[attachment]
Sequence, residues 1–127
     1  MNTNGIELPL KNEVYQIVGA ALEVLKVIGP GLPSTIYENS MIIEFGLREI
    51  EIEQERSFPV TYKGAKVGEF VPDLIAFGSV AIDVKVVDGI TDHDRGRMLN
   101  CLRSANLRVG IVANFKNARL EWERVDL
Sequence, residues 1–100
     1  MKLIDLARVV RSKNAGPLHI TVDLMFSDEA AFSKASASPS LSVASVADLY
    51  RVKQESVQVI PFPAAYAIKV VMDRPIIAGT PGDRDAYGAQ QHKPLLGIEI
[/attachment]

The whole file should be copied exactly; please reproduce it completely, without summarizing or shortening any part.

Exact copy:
Sequence, residues 1–127
     1  MNTNGIELPL KNEVYQIVGA ALEVLKVIGP GLPSTIYENS MIIEFGLREI
    51  EIEQERSFPV TYKGAKVGEF VPDLIAFGSV AIDVKVVDGI TDHDRGRMLN
   101  CLRSANLRVG IVANFKNARL EWERVDL
Sequence, residues 1–100
     1  MKLIDLARVV RSKNAGPLHI TVDLMFSDEA AFSKASASPS LSVASVADLY
    51  RVKQESVQVI PFPAAYAIKV VMDRPIIAGT PGDRDAYGAQ QHKPLLGIEI